From Sport to Senior: Your Horse’s Changing Nutritional Needs

As your horse gets older and you show or compete less, their nutritional needs will vary. At this point, your horse’s feeding program largely depends on their level of activity, age, metabolism, and quality and quantity of hay and pasture. Here, we'll go through two different stages and provide feeding recommendations for your aging equine athlete.

Stage One - Reduced Activity

The first stage is when your horse is 15 to 20 years old, and the show or competition schedule has been reduced or early-stage retirement is now in effect. Reduced activity means lower energy requirements, and the amount of grain or concentrate required should be less to maintain a desired body condition score. If you can maintain good body condition with just a few pounds per day of feed besides hay and/or pasture grazing, consider providing a diet balancer.

A diet balancer is designed to provide required nutrients at a much lower feeding rate than a conventional horse feed. The recommended minimum feeding rate for a conventional horse feed is usually 0.5% body weight per day or 5 pounds daily for a 1,000-lb horse. Diet balancers have an increased concentration of amino acids, minerals, vitamins, and additives and have a recommended minimum feeding rate of only 0.1% body weight per day or 1 pound daily for a 1,000-lb horse.

You may already have a horse that is an easy keeper and only requires a few pounds of diet balancer, or you only need to provide a few pounds of additional feed with a diet balancer on a daily basis. Many horses are fed with only a diet balancer or a diet balancer/conventional feed combination due to a thrifty metabolism or when plenty of hay or pasture is provided to meet energy requirements. We carry several products which can be fed alone or with forage (hay and pasture). They're formulated with concentrated levels of amino acids, vitamins, and minerals to provide all required nutrients to the horse for maintenance and integrity of muscle, coat, and hoof condition as well as optimal support of immune and digestive health.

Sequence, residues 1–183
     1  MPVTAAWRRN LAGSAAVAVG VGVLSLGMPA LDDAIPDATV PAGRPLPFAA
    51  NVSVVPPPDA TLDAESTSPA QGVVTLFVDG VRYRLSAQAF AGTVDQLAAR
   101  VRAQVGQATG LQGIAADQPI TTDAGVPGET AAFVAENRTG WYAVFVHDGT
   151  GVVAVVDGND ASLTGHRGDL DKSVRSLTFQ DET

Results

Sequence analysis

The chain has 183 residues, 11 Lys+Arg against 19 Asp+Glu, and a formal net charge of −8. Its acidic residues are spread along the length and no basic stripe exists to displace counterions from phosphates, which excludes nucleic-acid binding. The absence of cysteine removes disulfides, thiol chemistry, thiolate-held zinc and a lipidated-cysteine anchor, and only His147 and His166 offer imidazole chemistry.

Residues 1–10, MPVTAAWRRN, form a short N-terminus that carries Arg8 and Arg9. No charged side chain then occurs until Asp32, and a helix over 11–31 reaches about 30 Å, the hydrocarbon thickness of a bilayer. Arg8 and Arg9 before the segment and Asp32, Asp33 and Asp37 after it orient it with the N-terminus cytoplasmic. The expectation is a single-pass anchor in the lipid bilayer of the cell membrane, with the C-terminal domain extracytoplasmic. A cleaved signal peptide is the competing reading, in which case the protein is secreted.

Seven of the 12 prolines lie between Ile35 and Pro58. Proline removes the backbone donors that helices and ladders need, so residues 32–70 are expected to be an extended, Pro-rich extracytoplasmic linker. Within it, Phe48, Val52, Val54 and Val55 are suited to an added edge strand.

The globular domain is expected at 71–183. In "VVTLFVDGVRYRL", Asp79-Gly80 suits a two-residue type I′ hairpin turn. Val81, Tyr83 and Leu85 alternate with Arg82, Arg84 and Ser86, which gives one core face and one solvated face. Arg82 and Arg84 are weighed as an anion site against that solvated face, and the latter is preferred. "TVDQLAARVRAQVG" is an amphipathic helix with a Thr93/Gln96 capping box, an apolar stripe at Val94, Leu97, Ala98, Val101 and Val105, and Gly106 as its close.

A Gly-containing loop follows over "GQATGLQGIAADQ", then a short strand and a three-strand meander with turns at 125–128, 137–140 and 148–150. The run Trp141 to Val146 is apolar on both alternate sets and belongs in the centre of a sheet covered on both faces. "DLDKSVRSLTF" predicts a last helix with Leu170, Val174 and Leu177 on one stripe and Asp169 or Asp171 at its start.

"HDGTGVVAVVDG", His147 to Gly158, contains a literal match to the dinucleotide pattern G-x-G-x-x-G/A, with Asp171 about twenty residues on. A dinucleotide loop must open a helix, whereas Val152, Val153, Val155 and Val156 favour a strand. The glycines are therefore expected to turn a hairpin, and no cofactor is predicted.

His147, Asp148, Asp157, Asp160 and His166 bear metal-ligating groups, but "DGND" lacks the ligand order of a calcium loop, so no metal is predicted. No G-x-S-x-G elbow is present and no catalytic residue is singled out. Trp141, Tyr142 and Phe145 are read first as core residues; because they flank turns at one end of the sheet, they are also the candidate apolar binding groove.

Stage Two - Retirement

The second stage is when your horse is fully retired or only lightly ridden, usually around 20 to 25 years of age. You observe weight loss when your horse is fed hay and grain. Upon further observation, you notice quidding of hay (partially chewed pieces of hay dropped to the ground) and slavering of grain (feed dropped to the ground or feed container). This is due to poor dental condition when the molars are now so shallow that they can no longer erupt enough to provide an efficient cutting or shearing function for the horse to effectively chew and swallow their feed. Tooth loss can also occur at this age, and this also reduces the ability of the horse to chew and ingest their feed effectively, especially for poor-quality hay.

For older horses in this second stage needing weight gain, feeding recommendations are to switch to a senior horse feed and higher quality hay or a chopped, cubed, or pelleted hay. Soaked alfalfa cubes make a great forage source for the older horse, as they are readily consumed and are a great source of calories and digestible fiber. And a highly fortified and high-fat senior feed can provide additional calories for the older horse needing weight gain. Choose a senior feed with a controlled carbohydrate content and low guaranteed levels of starch and sugar for additional feeding safety. Again, we have several products that meet these requirements. Providing one of these senior feeds along with a processed forage such as alfalfa or grass hay cubes can be used to easily maintain weight for older horses with poor dental issues.

Utilize these two stages as your horse transitions from an active show or competition career to retirement to maintain optimum health and longevity. And for more information or personalized recommendations on your own feeding program, be sure to call or stop by and chat with one of our nutritional experts. If we don't know the answer, we're happy to connect you with people who do.


NOTE: This post is adapted (with permission) from content proudly brought to you by our partners at Nutrena and Cargill Animal Nutrition. The original article appears here.

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